Lost In The Middle Of A Jungle Island
*Both turn, looking in either direction.* Dad continues casually, “Let’s just keep going this way for five minutes. It’ll be fine.” So we hike another five in the wrong direction. Still nothing, no people. My dad stops to catch his breath, which also makes me nervous. He just turned sixty.
I’m like, “I think we should turn back. We’re just wasting valuable energy and we have no water (which we didn’t). The weather here is super unpredictable (which it is) and we haven’t seen anyone for a while (which we hadn’t). There’s no cell signal (Dad takes his phone out and confirms)…” I point out this is exactly the way every bad horror movie starts out.
Dad argues we keep walking for another five to ten minutes; he’s sure this leads somewhere back. “You said that five to ten minutes ago.” *Takes a look around.* “Fine. But have you ever seen the movie “Green Inferno” where people get kidnapped in the Amazon by an undiscovered Brazilian tribe? Or “Wrong Turn” where…?” Those of you that know me know that I am a horror movie aficionado. (Just look at my favorite travel movies list.) But this diatribe filled however long it took for us to get from wherever we were to… the back of a farmer’s field somewhere.
We were finally able to hike across the field and find the road, which happened to be the road to the trailhead. And we happened to pick the right direction to walk on that road to get back to our car. Yes, folks, it’s true—I got lost hiking in the Azores. And I have no idea how long I was lost, but that f*cking trail was not a half hour each way. Lies.
More Hiking In The Azores… In Furnas
Needless to say, I’d worked up quite the appetite. We drove back to the tourist town of Furnas from yesterday to get lunch. We also wanted to go back to that lake with the chapel, Lagoa das Furnas, and visit the waterfall. Stopped at a super mercado and grabbed water. Tried to use the restroom at the park before beginning the hike to the waterfall, but evidently, the Portuguese don’t pee on Mondays either. (Am I being punked? This is a joke they play on tourists, right?)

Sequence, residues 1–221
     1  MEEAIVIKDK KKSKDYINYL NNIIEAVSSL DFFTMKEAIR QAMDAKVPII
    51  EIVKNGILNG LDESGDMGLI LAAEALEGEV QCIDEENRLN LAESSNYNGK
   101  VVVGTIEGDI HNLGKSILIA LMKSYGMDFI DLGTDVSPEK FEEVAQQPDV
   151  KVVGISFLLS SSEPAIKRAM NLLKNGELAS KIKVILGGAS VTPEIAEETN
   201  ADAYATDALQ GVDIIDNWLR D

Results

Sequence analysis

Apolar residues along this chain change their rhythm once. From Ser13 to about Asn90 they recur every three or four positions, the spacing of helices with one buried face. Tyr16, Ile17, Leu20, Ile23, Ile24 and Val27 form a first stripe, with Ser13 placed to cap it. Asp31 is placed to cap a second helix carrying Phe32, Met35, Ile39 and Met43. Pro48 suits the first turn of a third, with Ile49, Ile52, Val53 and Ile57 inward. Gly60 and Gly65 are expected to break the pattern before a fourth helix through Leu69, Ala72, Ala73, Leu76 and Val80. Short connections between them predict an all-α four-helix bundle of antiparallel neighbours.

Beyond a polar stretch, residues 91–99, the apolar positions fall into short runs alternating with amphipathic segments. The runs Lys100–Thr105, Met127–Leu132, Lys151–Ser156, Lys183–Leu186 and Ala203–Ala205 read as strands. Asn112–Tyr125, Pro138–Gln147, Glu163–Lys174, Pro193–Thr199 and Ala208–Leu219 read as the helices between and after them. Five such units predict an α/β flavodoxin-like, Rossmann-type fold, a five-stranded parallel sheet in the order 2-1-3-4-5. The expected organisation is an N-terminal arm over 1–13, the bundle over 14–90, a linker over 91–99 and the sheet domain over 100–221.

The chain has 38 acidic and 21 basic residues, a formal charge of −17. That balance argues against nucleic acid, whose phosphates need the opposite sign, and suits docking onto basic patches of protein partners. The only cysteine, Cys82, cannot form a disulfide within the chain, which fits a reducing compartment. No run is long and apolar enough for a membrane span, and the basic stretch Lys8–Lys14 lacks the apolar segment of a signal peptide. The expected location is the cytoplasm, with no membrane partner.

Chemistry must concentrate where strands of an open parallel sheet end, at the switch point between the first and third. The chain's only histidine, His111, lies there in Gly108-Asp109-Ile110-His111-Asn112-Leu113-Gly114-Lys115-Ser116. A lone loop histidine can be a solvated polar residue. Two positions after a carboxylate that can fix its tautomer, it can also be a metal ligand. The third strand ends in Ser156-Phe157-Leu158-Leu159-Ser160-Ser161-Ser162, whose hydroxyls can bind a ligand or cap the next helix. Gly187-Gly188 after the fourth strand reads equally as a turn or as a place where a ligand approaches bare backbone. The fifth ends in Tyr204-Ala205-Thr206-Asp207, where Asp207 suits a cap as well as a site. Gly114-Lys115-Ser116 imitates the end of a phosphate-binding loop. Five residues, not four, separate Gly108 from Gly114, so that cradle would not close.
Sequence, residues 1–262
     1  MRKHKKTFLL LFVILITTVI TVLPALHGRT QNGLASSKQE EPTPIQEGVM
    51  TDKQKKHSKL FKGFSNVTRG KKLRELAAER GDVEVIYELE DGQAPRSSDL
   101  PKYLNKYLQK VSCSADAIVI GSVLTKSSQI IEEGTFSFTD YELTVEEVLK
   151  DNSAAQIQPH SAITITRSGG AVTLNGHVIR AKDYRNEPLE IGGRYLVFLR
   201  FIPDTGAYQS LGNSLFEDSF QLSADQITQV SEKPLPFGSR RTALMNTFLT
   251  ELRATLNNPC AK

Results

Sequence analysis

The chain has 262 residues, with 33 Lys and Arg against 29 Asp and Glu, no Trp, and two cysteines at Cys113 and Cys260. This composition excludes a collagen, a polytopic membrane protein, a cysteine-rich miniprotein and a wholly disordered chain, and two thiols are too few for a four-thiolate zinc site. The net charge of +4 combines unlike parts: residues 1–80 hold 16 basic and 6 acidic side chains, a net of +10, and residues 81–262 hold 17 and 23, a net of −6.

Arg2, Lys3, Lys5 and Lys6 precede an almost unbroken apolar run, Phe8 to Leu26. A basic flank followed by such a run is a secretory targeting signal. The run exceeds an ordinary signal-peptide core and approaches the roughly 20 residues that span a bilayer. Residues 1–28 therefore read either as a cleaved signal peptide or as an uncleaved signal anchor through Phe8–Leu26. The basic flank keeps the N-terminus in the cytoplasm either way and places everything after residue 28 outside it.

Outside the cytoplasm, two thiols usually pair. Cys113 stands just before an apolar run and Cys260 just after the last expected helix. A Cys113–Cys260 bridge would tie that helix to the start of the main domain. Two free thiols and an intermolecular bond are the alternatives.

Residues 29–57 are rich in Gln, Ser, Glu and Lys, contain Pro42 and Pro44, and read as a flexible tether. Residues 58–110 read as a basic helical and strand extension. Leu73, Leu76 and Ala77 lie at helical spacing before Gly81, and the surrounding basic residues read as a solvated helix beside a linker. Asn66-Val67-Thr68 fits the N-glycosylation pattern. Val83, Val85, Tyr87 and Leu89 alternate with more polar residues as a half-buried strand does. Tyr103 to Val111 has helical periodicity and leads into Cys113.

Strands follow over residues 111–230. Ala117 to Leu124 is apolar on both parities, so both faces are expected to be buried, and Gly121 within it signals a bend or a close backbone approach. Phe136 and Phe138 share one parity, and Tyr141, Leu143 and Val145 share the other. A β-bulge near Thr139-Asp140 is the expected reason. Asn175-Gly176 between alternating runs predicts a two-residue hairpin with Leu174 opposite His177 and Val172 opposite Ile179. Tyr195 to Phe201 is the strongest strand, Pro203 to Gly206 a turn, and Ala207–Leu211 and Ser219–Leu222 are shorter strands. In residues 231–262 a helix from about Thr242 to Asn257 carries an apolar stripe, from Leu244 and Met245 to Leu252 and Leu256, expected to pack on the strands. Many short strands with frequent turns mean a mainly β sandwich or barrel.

The waterfall, Salto do Rosal, was an easy hike. Supposed to be thirty minutes each way, though it was longer. It really was super tranquil upon arrival. Small, but tall. Worth the walk, and a nice follow-up to the disaster that occurred just prior, fortunately.
Of note, there was also a completely random sequoia on the way. It was grand and lovely and so… present. My dad swore it was a couple hundred years old. Strangely, it was the only one. A single sequoia in the middle of the Azores. It was the kind of tree whose giant, gnarled roots you’d rest comfortably on to read a book or take a nap. A Giving Tree. I’m not sure why, but I fell in love with it. If you can fall in love with a tree.
Praia da Amora & Azorean Cows
We took a shortcut back to the paved road and to the car. We decided we were done hiking in the Azores, but could still drive. Wanted to take the coastal road back to the hotel and check out Praia da Amora (I’m pretty sure “praia” means “beach”). Drove some crazy steep, windy roads to get there, only to discover that the trail was closed. We kind of observed the sign. Me more so than my dad. It was a really nice black sand beach, but we could only see it from the top of the cliff. Too bad. We were exhausted anyway.
I do need to make one more mention about the Azorean cows here again before I go. These cows… they’re all grazing on the greenest pastures you’ve ever seen with prime seaside real estate. Ocean views, my friends. And they’re dairy cows; they literally have mobile milking stations here. No threat to the good life in the Azores. People would [otherwise] kill for that real estate. They just mill around like it’s no big deal. Reminds me of the sheep in New Zealand. Or the Faroe Islands. They’d just stand on these amazing seaside cliffs with the wind blowing beneath their wool. I don’t even think their little baa-baa-brains are big enough to register how good they’ve got it.
Anyhow, this completes Volume 3 of my Azores series. (Find Volume 1 and Volume 2 here.) Tomorrow, sadly, we head out. It’s been a gorgeous, fun adventure. And I can now say I’m an official Azores lover.